The iodinated cocaine derivative [123I]PE2I is a new selective ligand for in vivo studies of the dopamine transporter (DAT) with SPECT. Recently, a bolus/infusion (B/I) protocol for [123I]PE2I measurements of DAT density was established [Pinborg LH et al. J Nucl Med 2005;46:1119-271]. The aims of this study were, firstly, to evaluate the test-retest variability using the B/I protocol and, secondly, to evaluate the B/I approach in a new group of healthy subjects using two outcome parameters, BP1 (CROI/Cplasma) and BP2 (CROI/CREF). Seven healthy subjects were subjected to [123I]PE2I SPECT scanning twice. For both studies, the two outcome parameters BP1 and BP2 were calculated based on two different methods for region of interest (ROI) delineation, namely manual delineation and probability map-based automatic delineation with MRI co-registration. With manual delineation, striatal test-retest variability (absolute difference between first and second scan as a percentage of the mean) of BP1 and BP2 was 13.9% (range 1.8-35.7%) and 4.1% (range 0.5-9.7%) respectively. The probability map-based automatic delineation resulted in striatal test-retest variability of 17.2% (range 4.3-40.5%) and 5.2% (range 0.1-10.9%) respectively. The B/I approach provided stable brain activity from 120 to 180 min post injection in both high- and low-count regions with a mean % change/hour in striatal BP2 of 10.6. [123I]PE2I SPECT with the B/I approach yields a highly reproducible measure of striatal dopamine transporter binding. The appropriateness of a B/I protocol with a B/I ratio of 2.7 h (i.e. with a bolus worth 2.7 h of infusion) was confirmed in an independent sample of healthy subjects. (orig.)

  13. Classification of a Haemophilus influenzae ABC transporter HI1470/71 through its cognate molybdate periplasmic binding protein, MolA

    OpenAIRE

    Tirado-Lee, Leidamarie; Lee, Allen; Rees, Douglas C.; Pinkett, Heather W.

    2011-01-01

    molA(HI1472) from H. influenzae encodes a periplasmic binding protein (PBP) that delivers substrate to the ABC transporter MolB2C2 (formerly HI1470/71). The structures of MolA with molybdate and tungstate in the binding pocket were solved to 1.6 and 1.7-Å resolution, respectively. The MolA binding protein binds molybdate and tungstate but not other oxyanions such as sulfate and phosphate, making it the first class III molybdate binding protein structurally solved. The ~100 μM binding affinity...

  14. Crystal structure of the phosphate-binding protein (PBP-1) of an ABC-type phosphate transporter from Clostridium perfringens

    OpenAIRE

    Gonzalez, Daniel; Richez, Magali; Bergonzi, Celine; Chabriere, Eric; Elias, Mikael

    2014-01-01

    Phosphate limitation is an important environmental stress that affects the metabolism of various organisms and, in particular, can trigger the virulence of numerous bacterial pathogens. Clostridium perfringens, a human pathogen, is one of the most common causes of enteritis necroticans, gas gangrene and food poisoning. Here, we focused on the high affinity phosphate-binding protein (PBP-1) of an ABC-type transporter, responsible for cellular phosphate uptake. We report the crystal structure (...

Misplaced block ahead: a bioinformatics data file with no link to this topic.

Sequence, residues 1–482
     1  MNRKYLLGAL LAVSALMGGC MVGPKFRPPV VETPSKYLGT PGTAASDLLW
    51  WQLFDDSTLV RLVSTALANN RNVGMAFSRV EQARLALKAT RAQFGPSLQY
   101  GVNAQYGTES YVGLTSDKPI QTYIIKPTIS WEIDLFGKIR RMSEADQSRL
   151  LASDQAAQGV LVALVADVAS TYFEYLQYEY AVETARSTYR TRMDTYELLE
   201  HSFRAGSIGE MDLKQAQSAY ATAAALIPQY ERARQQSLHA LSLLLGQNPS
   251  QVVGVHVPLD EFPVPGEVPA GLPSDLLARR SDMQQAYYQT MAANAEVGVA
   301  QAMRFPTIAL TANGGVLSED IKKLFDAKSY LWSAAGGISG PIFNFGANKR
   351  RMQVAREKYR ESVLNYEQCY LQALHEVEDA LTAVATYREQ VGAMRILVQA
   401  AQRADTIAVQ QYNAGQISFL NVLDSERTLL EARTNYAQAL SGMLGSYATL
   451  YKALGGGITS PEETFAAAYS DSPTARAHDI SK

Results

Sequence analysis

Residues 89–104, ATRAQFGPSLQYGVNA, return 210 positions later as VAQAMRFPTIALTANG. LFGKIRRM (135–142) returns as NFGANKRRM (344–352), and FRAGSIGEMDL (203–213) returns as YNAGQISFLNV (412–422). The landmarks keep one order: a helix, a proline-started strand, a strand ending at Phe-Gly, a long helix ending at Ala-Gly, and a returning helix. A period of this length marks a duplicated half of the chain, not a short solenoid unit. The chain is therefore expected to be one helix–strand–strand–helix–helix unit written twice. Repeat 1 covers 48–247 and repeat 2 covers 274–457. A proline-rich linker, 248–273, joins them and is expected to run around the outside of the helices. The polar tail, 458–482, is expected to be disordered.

15. Repellent Taxis in Response to Nickel Ion Requires neither Ni2+ Transport nor the Periplasmic NikA Binding Protein▿

    OpenAIRE

    Englert, Derek L.; Adase, Christopher A.; Jayaraman, Arul; Manson, Michael D.

    2010-01-01

    Ni2+ and Co2+ are sensed as repellents by the Escherichia coli Tar chemoreceptor. The periplasmic Ni2+ binding protein, NikA, has been suggested to sense Ni2+. We show here that neither NikA nor the membrane-bound NikB and NikC proteins of the Ni2+ transport system are required for repellent taxis in response to Ni2+.

  16. Mutational Analysis of Intracellular Loops Identify Cross Talk with Nucleotide Binding Domains of Yeast ABC Transporter Cdr1p

    OpenAIRE

    Shah, Abdul Haseeb; Rawal, Manpreet Kaur; Dhamgaye, Sanjiveeni; Komath, Sneha Sudha; Saxena, Ajay Kumar; Prasad, Rajendra

    2015-01-01

    The ABC transporter Cdr1 protein (Cdr1p) of Candida albicans, which plays a major role in antifungal resistance, has two transmembrane domains (TMDs) and two nucleotide binding domains (NBDs) that are interconnected by extracellular (ECLs) and intracellular (ICLs) loops. To examine the communication interface between the NBDs and ICLs of Cdr1p, we subjected all four ICLs to alanine scanning mutagenesis, replacing each of the 85 residues with an alanine. The resulting ICL mutant library was an...

  17. Classification of a Haemophilus influenzae ABC transporter HI1470/71 through its cognate molybdate periplasmic binding protein, MolA.

    Science.gov (United States)

    Tirado-Lee, Leidamarie; Lee, Allen; Rees, Douglas C; Pinkett, Heather W

    2011-11-01